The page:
|Location||100 Meeting St., Charleston, South Carolina|
|Architectural style||Greek Revival|
|Part of||Charleston Historic District (#66000964)|
|NRHP reference #||69000161|
|Added to NRHP||July 29, 1969|
|Designated NHL||November 7, 1973|
|Designated NHLDCP||October 9, 1960|
The Fireproof Building, also known as the County Records Building, is located at 100 Meeting Street, at the northwest corner of Washington Square, in Charleston, South Carolina. Built in 1827, it was the most fire-resistant building in America at the time, and is believed to be the oldest fire-resistant building in America today.
The building has undergone renovation and will reopen in the summer of 2018 as the South Carolina Historical Society Museum, which will include an exhibit on the history of the Fireproof Building.
Description and history
The Fireproof Building is a two-story masonry structure, set on a tall stone basement with an arcade of round-arch openings and built out brick that has been stuccoed to resemble stone. The building is in the Greek Revival style, with Doric porticoes north and south, and achieves a sophisticated appearance with clean and crisp lines, and relatively little ornamentation. Inside, the building has an oval stair hall lit by a cupola. The stone stairs are cantilevered through three stories.
The building was built to house the office and records of Charleston County. The contractor, John G. Spidle, built it in 1827 to the design of Robert Mills, the nation's first domestically-trained architect and an early advocate of fire-resistant buildings.  The Fireproof Building was listed on the National Register of Historic Places in 1969, and declared a National Historic Landmark in 1973.
The building is currently the home of the South Carolina Historical Society. In 2016-17 the building underwent a major renovation intended to modernize all systems, to provide a secure, climate controlled environment for the storage of historic documents, and to provide both an events venue and modern museum space. In the summer of 2018 the Historical Society will open a revamped museum dedicated to the history of South Carolina and to the history of the Fireproof Building itself.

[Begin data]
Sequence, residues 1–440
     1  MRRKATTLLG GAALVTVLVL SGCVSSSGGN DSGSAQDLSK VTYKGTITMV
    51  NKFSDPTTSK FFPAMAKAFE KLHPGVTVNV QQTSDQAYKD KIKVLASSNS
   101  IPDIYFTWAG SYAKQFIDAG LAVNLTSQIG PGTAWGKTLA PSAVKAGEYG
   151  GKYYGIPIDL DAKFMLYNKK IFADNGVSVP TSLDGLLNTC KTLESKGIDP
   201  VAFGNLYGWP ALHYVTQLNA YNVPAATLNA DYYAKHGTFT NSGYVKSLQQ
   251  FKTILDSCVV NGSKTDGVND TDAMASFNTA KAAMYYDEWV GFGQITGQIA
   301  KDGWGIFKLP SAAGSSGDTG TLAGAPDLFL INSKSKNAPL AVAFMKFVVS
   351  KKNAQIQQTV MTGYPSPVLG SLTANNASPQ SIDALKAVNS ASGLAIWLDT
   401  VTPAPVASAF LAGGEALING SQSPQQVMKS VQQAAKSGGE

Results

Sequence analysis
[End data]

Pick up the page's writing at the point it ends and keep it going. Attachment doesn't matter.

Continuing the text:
- List of National Historic Landmarks in South Carolina
- National Register of Historic Places listings in Charleston, South Carolina
- Passive fire protection
- Fire test
- Active fire protection
- National Park Service (2007-01-23). "National Register Information System". National Register of Historic Places. National Park Service.
- "Fireproof Building". National Historic Landmark summary listing. National Park Service. Retrieved 2008-03-21.
- "Fireproof Building, Charleston County (100 Meeting St., Charleston)". National Register Properties in South Carolina listing. South Carolina Department of Archives and History. Retrieved 2008-03-21.
- Tray Stephenson and Bernard Kearse (April 20, 1973). "National Register of Historic Places Inventory-Nomination: The Fireproof Building" (pdf). National Park Service. and Accompanying one photo, exterior, from 1971 (32 KB)
- Edgar, Walter, ed. The South Carolina Encyclopedia, University of South Carolina Press, 2006, p. 325, ISBN 1-57003-598-9
- Behre, Robert (11 November 2017). "Charleston's famous Fireproof Building building will tell state's history — and its own — through new eyes". The Post and Courier. Retrieved 21 November 2017.
|Wikimedia Commons has media related to Fireproof Building.|
- Fireproof Building, Charleston County (100 Meeting St., Charleston), including 7 photos, at South Carolina Department of Archives and History
- Historic American Buildings Survey (HABS) No. SC-13-2, "County Records Building, 100 Meeting Street (at Chalmers Street), Charleston, Charleston County, SC", 27 photos, 1 color transparency, 8 measured drawings, 5 data pages, 3 photo caption pages, supplemental material
- Historic Charleston's Religious and Community Buildings, a National Park Service Discover Our Shared Heritage Travel Itinerary
- Robert P. Stockton, Information for Guides of Historic Charleston, South Carolina 350 (1985).
- South Carolina Historical Society
- U.S. National Park Service